NoKor hopes for economic growth with upcoming talks with America

Expectations have been growing in Pyongyang for an economic breakout ahead of a planned second U.S.-North Korea summit later this month, as the latest information and electronics technologies become increasingly visible in the country’s showcase city.


Some locals have expressed hope that North Korea’s economy will be revitalized thanks to an improvement of its ties with the United States, which has been reluctant to ease economic sanctions aimed at ending Pyongyang’s nuclear and the missile programs.


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In Pyongyang, meanwhile, a Wi-Fi internet service has begun in a hotel and political slogans in public spaces have started to be flashed on digital displays, with solar panels installed across the city to generate electricity.


Until several years ago, slogans promoting nuclear weapons and ballistic missile development as well as lambasting America had been prevalent in North Korea, but they are no longer noticeable, at least in Pyongyang.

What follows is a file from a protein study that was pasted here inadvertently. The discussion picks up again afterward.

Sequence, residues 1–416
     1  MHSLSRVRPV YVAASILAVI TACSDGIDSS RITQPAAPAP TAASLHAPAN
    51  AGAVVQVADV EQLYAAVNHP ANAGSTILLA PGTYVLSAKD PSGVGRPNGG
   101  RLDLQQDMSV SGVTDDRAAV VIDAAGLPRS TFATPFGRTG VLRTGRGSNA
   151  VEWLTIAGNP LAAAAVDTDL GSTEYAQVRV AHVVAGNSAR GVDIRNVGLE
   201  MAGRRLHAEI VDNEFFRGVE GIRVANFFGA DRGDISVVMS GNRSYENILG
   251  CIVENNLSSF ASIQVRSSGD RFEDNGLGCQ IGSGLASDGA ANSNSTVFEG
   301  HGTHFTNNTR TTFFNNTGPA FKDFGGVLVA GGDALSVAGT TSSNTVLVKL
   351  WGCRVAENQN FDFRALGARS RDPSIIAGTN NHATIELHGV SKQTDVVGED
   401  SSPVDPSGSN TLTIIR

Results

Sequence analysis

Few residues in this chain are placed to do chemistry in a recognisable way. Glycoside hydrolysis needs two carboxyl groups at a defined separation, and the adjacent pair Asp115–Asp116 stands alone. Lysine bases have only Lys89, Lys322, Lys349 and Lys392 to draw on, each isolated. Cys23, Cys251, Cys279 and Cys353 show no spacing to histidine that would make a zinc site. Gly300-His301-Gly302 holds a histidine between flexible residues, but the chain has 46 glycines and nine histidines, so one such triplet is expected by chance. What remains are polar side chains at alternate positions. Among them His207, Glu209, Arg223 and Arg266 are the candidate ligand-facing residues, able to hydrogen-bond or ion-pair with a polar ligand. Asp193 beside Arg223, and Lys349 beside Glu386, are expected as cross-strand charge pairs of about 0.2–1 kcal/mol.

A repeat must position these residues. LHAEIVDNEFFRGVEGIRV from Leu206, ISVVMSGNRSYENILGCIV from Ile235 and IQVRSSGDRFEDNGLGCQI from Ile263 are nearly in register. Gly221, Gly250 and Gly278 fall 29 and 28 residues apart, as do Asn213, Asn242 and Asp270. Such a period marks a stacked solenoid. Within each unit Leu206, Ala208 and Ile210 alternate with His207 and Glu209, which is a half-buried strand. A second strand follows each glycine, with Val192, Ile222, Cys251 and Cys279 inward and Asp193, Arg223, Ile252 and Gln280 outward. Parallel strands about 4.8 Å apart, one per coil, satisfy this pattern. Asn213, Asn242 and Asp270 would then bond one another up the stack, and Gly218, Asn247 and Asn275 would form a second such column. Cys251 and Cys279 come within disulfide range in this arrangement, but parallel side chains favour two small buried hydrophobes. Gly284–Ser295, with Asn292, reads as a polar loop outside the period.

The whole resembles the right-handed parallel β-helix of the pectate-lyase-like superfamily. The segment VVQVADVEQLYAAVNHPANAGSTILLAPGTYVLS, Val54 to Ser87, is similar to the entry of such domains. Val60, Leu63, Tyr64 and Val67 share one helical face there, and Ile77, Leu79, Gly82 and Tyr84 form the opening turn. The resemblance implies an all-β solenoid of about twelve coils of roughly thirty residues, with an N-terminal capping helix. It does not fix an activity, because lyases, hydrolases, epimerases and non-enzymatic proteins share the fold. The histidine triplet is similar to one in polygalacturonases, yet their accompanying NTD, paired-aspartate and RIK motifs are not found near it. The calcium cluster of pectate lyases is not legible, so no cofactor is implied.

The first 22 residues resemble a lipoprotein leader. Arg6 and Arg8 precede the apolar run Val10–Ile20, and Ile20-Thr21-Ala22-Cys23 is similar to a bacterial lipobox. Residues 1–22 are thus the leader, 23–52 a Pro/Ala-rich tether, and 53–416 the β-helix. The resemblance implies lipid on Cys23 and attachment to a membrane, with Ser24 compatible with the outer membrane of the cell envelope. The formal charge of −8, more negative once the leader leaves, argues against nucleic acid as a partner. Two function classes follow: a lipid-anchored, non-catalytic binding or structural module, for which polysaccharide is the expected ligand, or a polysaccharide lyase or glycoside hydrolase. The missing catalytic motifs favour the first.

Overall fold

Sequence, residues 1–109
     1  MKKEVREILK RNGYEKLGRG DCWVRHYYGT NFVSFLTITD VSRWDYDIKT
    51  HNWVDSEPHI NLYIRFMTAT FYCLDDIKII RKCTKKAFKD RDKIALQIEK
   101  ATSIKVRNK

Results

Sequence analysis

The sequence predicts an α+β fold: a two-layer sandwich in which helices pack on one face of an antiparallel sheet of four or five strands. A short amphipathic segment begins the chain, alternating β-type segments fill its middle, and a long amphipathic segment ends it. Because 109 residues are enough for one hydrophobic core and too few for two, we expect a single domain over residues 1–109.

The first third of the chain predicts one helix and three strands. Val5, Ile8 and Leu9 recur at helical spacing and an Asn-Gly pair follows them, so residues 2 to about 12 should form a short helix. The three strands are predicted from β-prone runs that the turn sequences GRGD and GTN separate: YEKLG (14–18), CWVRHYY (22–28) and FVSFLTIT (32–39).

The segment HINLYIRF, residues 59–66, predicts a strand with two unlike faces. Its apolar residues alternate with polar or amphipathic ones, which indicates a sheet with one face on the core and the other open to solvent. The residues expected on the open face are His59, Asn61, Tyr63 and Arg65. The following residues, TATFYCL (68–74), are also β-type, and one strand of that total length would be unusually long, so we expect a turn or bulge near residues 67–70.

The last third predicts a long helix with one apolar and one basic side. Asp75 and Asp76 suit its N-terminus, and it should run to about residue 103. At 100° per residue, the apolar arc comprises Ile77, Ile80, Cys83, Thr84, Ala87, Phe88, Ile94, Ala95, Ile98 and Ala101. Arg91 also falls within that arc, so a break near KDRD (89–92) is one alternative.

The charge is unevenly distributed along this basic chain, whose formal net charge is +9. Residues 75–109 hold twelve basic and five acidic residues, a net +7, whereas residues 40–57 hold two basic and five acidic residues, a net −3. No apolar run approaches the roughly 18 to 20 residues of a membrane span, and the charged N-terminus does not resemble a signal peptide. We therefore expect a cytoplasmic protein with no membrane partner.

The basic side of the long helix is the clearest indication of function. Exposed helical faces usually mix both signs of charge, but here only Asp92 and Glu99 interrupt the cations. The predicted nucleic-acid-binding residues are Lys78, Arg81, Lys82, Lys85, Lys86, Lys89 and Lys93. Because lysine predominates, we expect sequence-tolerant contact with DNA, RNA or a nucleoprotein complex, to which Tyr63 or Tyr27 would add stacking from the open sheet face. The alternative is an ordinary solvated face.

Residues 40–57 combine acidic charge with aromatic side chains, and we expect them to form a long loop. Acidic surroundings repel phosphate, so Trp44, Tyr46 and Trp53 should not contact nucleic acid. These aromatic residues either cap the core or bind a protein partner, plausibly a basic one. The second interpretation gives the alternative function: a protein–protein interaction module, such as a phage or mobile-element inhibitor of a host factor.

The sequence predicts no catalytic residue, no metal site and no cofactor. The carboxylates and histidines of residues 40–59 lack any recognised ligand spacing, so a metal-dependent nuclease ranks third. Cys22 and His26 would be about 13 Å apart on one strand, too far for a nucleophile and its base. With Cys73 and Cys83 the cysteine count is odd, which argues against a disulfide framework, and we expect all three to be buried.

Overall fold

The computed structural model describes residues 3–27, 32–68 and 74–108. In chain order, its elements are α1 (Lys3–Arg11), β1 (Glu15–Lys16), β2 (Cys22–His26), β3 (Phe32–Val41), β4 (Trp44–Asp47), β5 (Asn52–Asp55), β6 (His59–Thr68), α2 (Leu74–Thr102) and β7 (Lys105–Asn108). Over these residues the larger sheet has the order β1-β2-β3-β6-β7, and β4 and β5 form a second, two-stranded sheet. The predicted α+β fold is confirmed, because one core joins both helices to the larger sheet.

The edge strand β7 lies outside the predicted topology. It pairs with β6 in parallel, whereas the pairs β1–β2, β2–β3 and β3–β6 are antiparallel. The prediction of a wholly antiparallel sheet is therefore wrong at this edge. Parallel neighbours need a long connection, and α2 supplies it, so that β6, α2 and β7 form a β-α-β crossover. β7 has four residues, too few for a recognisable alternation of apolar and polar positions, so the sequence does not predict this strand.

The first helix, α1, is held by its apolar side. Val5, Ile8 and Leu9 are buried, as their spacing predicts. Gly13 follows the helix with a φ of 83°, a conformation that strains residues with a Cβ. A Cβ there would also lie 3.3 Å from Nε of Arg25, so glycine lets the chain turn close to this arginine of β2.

Prices of daily goods are mostly unchanged and people have been going about their lives as usual in Pyongyang, despite observations by many analysts that North Korean economy has stagnated against a backdrop of international economic sanctions.


At Pyongyang’s Potonggang Hotel, guests have been allowed to have access to internet via Wi-Fi since late last year, locals say. Digital displays, set up in several places in the capital, have alternately been projecting various slogans.


Kim Jin Sung, a 27-year-old IT researcher, also said, ” I hope our country’s relations with the United States will improve further” indicating he believes that a thaw in ties with Washington will contribute to North Korea’s economic prosperity.


The United States and North Korea remain technically at war as the 1950 1953 Korean War— in which U.S. — led multinational forces fought alongside the South against the North, backed by China and the Soviet Union — ended in a cease-fire.


In their upcoming direct talks, Kim is likely to strongly urge Trump to ease international economic sanctions and allow it to receive humanitarian aid from other countries, foreign affairs experts say.


Reference: Hopes for economic growth rife in Pyongyang ahead of Kim-Trump talks


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